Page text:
By Herbert Hernandez
GUATEMALA CITY, March 16 (Reuters) - Four Belgian tourists held hostage for 40 hours by peasant farmers in the Guatemalan jungle and released unharmed could fly home on Monday, a Belgian embassy spokesman said on Sunday.
The four middle-aged holiday makers were seized along with two Guatemalan guides as they traveled up a river from the Caribbean coast on Friday by machete-wielding farmers angry over the arrest of a local Mayan leader.
The tourists, released shortly before midnight in a swap with detained activists, were flown to Guatemala City and greeted by Guatemalan Vice President Rafael Espada, who said he would write to the Belgian government to apologize .
They spent the early hours of Sunday undergoing medical checks at a Guatemalan naval base at the Caribbean port of Puerto Barrios, where they were taken by a naval ship after their release to negotiators from the human rights ombudsman’s office.
"We want to apologize to the Belgian government for the incident and tell them we will make sure it doesn’t happen again," Espada said after meeting the Belgians, who looked tired but relaxed.
A spokesman for the nearest Belgian embassy, in Costa Rica, said the tourists could be flown home to Belgium on Monday.
"We are very happy that the Belgian tourists have been released," said Maribel Ramos, governor of Izabel department in eastern Guatemala where the Belgians had taken a boat from the Caribbean town of Livingstone up the winding Rio Dulce river.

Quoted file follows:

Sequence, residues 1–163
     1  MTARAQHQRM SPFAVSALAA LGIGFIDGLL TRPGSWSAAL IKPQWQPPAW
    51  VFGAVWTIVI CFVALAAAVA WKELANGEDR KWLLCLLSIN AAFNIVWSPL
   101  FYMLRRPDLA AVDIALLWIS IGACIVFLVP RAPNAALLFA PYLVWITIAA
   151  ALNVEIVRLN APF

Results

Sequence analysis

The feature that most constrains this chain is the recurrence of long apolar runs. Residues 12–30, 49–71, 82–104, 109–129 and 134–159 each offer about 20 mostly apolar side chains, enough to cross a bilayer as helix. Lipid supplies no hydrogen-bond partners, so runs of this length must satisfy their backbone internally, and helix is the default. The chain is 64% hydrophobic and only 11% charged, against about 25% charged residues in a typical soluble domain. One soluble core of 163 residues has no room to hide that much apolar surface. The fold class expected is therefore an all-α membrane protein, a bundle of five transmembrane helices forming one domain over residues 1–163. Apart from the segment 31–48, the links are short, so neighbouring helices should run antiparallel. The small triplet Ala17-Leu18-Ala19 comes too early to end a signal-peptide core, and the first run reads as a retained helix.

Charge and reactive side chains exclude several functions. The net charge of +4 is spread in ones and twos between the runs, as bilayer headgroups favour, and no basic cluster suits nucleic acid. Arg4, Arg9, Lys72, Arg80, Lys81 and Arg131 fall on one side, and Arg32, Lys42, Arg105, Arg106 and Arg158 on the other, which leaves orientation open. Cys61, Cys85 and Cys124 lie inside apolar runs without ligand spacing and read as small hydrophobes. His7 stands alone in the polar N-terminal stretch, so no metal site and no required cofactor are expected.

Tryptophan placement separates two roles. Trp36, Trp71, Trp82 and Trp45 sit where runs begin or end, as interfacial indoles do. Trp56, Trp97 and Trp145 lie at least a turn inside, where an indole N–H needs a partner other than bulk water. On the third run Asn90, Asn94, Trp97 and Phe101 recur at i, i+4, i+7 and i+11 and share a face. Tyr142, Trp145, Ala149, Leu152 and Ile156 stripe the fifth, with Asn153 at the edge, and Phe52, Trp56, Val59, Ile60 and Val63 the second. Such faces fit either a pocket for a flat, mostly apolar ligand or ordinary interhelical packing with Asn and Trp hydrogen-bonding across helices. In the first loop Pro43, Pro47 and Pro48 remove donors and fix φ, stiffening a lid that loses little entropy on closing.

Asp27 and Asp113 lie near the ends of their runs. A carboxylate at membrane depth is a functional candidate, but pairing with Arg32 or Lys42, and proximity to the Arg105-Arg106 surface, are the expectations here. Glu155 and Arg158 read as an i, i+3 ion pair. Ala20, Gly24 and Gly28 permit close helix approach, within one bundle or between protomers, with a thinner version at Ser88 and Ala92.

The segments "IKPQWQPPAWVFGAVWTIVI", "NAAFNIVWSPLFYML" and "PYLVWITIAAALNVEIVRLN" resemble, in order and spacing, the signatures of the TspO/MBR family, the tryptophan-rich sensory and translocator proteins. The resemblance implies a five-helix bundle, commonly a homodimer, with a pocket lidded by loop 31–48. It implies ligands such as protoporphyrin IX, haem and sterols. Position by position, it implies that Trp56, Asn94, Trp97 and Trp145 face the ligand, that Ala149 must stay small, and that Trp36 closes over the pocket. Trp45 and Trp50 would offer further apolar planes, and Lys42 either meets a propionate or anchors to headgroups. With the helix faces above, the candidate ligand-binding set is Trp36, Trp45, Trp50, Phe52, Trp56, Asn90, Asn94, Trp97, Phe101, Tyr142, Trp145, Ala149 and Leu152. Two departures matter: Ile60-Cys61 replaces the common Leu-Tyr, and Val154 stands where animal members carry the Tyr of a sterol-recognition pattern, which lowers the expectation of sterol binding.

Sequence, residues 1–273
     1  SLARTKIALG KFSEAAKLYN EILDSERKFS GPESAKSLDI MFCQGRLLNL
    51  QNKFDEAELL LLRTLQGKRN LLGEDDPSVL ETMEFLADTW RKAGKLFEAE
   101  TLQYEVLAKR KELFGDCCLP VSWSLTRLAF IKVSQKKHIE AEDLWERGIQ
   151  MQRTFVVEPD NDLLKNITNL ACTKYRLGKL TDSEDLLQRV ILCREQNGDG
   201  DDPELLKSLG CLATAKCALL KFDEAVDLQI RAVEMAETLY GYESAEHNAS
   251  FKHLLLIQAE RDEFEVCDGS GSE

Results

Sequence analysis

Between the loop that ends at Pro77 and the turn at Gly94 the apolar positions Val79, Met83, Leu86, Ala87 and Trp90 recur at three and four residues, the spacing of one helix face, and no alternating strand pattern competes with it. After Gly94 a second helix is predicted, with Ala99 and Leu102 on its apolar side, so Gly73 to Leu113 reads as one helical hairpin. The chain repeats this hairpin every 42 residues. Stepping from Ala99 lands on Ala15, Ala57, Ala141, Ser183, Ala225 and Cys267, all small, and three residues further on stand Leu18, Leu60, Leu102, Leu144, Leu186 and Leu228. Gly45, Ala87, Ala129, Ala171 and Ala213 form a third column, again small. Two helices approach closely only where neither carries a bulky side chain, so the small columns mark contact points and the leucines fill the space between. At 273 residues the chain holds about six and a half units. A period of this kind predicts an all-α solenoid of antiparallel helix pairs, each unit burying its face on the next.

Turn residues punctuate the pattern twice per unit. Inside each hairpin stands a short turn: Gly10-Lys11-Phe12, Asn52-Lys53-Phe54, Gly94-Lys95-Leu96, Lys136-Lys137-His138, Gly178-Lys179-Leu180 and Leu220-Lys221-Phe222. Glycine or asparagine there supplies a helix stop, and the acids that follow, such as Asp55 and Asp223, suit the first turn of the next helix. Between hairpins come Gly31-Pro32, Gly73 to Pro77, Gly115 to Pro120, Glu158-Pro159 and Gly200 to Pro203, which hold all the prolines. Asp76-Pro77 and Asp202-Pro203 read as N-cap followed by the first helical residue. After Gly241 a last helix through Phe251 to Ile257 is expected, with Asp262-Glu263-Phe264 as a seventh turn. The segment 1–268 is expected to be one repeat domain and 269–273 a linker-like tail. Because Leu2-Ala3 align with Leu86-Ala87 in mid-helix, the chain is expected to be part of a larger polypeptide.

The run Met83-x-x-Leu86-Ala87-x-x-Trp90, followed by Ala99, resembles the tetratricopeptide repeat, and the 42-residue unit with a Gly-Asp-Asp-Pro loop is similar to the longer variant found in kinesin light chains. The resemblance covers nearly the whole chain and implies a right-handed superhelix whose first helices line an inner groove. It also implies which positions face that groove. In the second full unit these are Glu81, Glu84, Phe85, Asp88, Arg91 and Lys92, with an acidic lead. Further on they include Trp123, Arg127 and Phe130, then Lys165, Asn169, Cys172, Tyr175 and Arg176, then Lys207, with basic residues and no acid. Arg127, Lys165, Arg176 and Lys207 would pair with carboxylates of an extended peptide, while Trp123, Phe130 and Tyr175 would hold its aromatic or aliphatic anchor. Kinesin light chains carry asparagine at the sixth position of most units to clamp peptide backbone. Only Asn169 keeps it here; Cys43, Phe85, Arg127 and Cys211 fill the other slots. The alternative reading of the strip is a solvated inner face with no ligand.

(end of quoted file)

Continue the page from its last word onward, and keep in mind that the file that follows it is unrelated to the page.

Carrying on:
Two Guatemalans, a tour guide and the boat captain, seized with the Belgians near the riverside town of Rio Dulce, were also released. Boat trips up the emerald-green Rio Dulce, which winds through dense jungle, are popular with backpackers.
The Belgians range in age from 59 to 64, and negotiators were worried about one who had heart problems.
The mob of farmers had threatened to hold the group until Guatemalan President Alvaro Colom agreed to talk to them about freeing jailed community leader Ramiro Choc, whose supporters say he is fighting for land rights.
But police arrested a handful of the farmer activists in a scuffle on Saturday and a swap was negotiated between them and the six captives.
The same group of farmers briefly held 29 policemen hostage in February demanding the release of Choc.
Close to half of Guatemala’s population are indigenous peasants, many of them landless, who often occupy land to carry out subsistence farming. Land disputes were one of the catalysts for Guatemala’s 1960-1996 civil war, which left around 250,000 people dead or missing.
Colom, who took office in January, has vowed to reduce poverty and violence. (Additional reporting by Brendan Kolbay in Rio Dulce and Mark John in Brussels; Writing by Catherine Bremer, editing by Philip Barbara)